That is what motivates me and keeps myself and David Pals doing this year after year. It is why folks come back and do this event year after year, and why new folks come to throw down what they’ve got in the face of this huge challenge that we craft for them. It isn’t for everyone, but it is definitely a life changing experience that all of us involved with Trans Iowa can attest to.


Even though T.I.V5 has just been completed, a T.I.V6 is already in the works. Look for updates on this event at


Pain and suffering are on the menu at Trans Iowa

Pain and suffering are on the menu at Trans Iowa

Mud, dust, rocks, and the weather all conspire against the riders

Mud, dust, rocks, and the weather all conspire against the riders

The technical hard data on this event barely scratches the surface of what takes place out there during a Trans Iowa, but it is important to realize what the challenge is that is faced by anyone that pulls up behind “The Dirty Blue Box” at 4am on Saturday morning. Trans Iowa V5 was a 314 mile long modified loop course run out of and back in to Williamsburg, Iowa. Along the way each rider had to navigate themselves using cue cards provided at the start and at each checkpoint for the following sector of the loop. No one knew where they were going until the evening before when they received the cues for the first 40 miles in to check point #1 at Washington, Iowa.


Tarmac Tales: Where I Stand In The Road

April 29, 2009

As The Cyclist evolves, we will be tweaking the site, adding and subtracting, and making some necessary changes. We will experience growing pains, and we won’t be perfect. One of the first big steps we are going to undertake is the start of coverage on road bikes. You might take notice of the emphasis on “road bikes”. I did not write that we would be covering “road racing bikes” . I think it is a very important distinction, and there are some good reasons for this decision.

First off, there are already a plethora of sites and print media devoted to road racing, it’s machines, and riders. To add another site, or media outlet for such a well documented part of cycling seems to my mind to be a bit silly. I’m sure most reading this would agree with that assessment.

Secondly, road racing and its bikes are not a great solution for most folks cycling needs, in my opinion. I work in a bicycle shop, and I see the ramifications daily of what the outcome of buying in to today’s philosophy and definition of what a road bike is on customers. Ordinary recreational cyclists looking for a fast paced road cycling ride experience are not cut from the same cloth as your typical Pro cycling athletes. Why should they subject themselves to the same sort of fit and performance standards that most road bikes foist upon them?

I think there is a rising awareness of this situation amongst cyclist and manufacturers alike. The resulting bicycles are fast becoming top sellers in their brands lines. Seems obvious to me why, and this is the sort of road bicycle I want to write about and feature on The Cyclist.

My writing has mostly been focused on off road, 29 inch wheeled mountain bikes, and many of you familiar with my work may wonder what in the heck do I know about road bikes anyway. Okay. Fair question.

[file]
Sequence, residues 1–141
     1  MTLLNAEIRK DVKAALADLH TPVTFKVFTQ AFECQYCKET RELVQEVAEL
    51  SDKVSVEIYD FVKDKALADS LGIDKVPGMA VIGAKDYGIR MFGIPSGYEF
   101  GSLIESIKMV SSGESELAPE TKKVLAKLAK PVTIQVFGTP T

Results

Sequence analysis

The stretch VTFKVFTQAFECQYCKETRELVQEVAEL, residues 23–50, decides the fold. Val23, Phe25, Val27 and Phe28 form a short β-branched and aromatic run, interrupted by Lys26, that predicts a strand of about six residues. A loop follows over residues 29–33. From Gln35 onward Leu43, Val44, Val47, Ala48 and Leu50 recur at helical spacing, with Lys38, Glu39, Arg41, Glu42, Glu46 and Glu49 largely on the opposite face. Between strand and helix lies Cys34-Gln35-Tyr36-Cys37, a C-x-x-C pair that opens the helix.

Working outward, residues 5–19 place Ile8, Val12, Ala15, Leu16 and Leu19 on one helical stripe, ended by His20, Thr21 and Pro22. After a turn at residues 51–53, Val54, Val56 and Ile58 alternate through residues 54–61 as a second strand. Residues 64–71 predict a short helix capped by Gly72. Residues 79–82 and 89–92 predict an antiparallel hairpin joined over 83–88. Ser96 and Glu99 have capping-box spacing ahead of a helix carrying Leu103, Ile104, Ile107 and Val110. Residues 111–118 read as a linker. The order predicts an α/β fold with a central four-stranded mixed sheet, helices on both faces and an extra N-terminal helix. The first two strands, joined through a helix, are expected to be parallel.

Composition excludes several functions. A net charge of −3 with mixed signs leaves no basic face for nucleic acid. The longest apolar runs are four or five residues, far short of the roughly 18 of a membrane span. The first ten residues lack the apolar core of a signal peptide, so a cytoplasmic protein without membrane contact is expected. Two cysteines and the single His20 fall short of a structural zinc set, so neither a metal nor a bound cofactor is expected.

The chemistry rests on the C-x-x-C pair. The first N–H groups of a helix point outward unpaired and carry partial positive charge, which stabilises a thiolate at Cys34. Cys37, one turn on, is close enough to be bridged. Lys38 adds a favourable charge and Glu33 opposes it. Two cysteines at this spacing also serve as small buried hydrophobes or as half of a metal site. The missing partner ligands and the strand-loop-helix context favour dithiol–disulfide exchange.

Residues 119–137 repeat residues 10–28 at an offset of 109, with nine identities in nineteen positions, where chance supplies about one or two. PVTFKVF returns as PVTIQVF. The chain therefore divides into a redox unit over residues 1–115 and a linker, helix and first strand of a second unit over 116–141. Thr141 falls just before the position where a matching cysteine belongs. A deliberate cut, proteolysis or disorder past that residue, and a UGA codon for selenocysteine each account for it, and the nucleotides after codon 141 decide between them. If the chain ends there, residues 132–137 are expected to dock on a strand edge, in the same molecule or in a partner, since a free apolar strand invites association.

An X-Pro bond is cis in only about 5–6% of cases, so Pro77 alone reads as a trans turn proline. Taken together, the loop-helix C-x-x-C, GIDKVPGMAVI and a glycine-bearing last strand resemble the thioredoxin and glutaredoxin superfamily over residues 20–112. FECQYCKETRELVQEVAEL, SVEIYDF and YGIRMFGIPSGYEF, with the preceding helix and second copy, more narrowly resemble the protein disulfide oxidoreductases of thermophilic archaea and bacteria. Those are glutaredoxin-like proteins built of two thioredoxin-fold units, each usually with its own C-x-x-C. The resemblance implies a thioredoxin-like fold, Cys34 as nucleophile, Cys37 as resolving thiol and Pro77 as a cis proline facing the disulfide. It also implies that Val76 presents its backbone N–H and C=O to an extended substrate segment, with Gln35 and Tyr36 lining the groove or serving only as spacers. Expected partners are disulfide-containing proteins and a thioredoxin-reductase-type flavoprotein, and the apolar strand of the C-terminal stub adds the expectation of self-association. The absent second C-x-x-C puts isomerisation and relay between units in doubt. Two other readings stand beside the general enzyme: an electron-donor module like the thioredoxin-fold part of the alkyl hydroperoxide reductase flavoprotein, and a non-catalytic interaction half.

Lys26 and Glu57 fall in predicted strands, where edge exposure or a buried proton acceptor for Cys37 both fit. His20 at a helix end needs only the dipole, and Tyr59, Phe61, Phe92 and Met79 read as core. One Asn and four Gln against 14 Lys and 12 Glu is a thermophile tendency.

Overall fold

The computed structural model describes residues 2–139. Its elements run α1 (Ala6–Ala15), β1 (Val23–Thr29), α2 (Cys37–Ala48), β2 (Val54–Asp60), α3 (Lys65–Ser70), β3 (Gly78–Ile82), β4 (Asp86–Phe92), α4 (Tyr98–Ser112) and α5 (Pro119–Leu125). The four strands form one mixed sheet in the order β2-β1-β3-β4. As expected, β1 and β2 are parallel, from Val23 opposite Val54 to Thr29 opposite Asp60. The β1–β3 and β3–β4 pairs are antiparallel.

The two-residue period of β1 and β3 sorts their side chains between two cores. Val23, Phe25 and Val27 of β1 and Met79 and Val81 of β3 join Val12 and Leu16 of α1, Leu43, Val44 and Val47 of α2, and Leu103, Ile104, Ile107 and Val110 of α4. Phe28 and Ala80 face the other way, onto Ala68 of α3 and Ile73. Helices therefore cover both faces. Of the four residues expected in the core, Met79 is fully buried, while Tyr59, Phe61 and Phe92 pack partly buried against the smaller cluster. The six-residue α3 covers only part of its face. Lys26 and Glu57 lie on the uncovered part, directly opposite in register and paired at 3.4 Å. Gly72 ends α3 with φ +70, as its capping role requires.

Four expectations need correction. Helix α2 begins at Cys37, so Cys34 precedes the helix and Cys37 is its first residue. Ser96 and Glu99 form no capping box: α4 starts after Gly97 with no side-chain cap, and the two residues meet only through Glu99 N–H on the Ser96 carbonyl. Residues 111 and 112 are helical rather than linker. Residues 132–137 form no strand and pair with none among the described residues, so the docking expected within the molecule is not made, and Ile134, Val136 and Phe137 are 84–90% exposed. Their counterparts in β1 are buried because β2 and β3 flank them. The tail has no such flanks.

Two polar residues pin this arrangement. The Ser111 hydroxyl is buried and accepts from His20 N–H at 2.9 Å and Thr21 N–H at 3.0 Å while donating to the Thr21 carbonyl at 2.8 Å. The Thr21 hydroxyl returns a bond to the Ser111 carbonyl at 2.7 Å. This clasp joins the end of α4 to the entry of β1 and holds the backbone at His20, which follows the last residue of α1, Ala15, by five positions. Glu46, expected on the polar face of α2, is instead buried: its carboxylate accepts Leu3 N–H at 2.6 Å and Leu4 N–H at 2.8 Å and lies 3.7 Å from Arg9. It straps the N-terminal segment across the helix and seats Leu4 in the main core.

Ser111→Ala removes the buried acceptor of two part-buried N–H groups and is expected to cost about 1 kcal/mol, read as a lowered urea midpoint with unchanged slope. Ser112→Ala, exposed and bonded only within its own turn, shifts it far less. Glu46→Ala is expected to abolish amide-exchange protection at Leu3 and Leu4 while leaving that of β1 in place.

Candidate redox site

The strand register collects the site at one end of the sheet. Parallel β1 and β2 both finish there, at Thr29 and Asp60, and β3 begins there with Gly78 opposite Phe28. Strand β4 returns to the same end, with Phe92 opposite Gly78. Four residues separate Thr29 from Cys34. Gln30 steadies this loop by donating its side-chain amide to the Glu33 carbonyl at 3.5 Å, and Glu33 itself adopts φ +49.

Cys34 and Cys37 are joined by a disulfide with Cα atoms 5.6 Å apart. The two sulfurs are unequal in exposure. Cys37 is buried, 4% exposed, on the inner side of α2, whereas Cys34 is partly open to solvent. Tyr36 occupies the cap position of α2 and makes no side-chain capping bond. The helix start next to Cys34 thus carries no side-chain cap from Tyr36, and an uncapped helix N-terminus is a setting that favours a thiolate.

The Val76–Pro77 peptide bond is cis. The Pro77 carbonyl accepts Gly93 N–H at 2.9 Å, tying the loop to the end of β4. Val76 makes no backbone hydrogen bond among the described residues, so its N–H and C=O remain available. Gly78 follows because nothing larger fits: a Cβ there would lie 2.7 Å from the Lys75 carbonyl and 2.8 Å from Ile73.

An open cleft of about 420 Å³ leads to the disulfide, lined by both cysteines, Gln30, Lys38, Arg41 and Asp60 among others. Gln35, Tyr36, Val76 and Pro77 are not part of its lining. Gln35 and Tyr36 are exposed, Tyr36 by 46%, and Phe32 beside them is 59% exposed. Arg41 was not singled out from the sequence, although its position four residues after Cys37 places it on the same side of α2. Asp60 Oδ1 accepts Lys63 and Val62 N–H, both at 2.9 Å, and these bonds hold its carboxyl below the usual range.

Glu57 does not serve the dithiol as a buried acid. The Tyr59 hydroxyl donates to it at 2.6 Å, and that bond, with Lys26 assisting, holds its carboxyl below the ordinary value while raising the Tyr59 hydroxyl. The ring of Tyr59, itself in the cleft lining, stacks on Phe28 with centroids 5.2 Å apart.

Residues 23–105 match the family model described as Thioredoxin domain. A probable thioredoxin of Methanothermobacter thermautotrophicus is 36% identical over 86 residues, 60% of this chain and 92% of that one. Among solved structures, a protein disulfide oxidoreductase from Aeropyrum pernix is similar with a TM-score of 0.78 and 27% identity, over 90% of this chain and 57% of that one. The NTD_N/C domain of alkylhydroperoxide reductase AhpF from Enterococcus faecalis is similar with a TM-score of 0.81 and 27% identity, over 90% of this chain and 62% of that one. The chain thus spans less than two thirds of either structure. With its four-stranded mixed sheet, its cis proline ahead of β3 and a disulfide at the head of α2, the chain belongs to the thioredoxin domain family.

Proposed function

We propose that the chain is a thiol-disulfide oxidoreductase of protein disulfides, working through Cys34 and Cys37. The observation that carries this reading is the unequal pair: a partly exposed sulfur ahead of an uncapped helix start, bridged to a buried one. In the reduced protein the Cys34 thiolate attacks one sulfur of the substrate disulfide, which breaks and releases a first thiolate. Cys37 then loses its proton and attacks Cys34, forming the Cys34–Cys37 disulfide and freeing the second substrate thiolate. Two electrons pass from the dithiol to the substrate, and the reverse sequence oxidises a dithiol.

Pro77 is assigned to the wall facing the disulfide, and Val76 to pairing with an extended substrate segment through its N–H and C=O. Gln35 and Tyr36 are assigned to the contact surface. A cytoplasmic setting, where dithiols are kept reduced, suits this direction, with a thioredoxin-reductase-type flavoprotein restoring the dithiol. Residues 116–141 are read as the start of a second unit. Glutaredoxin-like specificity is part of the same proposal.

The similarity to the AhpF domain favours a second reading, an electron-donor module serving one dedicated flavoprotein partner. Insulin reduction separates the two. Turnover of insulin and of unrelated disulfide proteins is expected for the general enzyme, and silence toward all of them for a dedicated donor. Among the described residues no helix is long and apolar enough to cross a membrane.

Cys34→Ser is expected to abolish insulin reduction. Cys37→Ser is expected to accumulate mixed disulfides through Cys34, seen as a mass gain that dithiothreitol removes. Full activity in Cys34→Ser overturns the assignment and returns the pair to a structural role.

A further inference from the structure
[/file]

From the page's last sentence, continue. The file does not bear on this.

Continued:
I would first point out that my bicycle mechanic experiences have taught me much, as I have alluded to already. Furthermore; I am actually a fairly accomplished road rider. I have done several fully loaded and self supported tours, and many road rides around my native Iowa countryside. (You can search for my “Touring Tuesdays  articles on my personal blog, Guitar Ted Productions.) I have ridden parts of many RAGBRAI rides, and did the whole enchilada in 1996. In fact, I wrenched on two RAGBRAI rides as a mechanic, so I have seen that ride from both ends.

So although I am not known for being a road biker, I’ve logged a fair number of rides on tarmac. But road bikes don’t just belong on paved surfaces, and the mixed terrain rides are becoming more and more popular. We’ll be looking in to that sort of thing too. In fact, this is really my cup of tea when it comes to road riding. Going exploring, taking the roads less traveled, and using the right tools for the job.

So come on over and check out The Cyclist if your road riding veers from the mold cast by road racing. Not that there is anything wrong with road racing, but that is just a small part of a much larger road cycling world out there, and that’s where I’ll be going.

New Bike Brand “feepish bikes” Is Announced.

April 28, 2009

I have been promoting this crazy little gravel road race in Iowa for awhile now and through this event I have met several cool individuals. One of these folks is Rusty Kay. Rusty was a guy that made a big impression on me by riding a full on road bike in Trans Iowa while everyone else was riding mountain bikes or cross bikes. (You can catch a glimpse of Rusty on his road bike in this Trans Iowa V2 clip here.) Even more impressive was that he was doing this in conditions that were miserable and unfit for such a rig.

Well, Rusty has decided to start his own road bike brand called “feepish bikes” and will be trotting out some fine Lynskey Performance Design built titanium rigs in the near future.

"feepish bikes" sponsored Trans Iowa V5 with these excellent t-shirts



Stay tuned for updates on “feepish bikes” as we learn more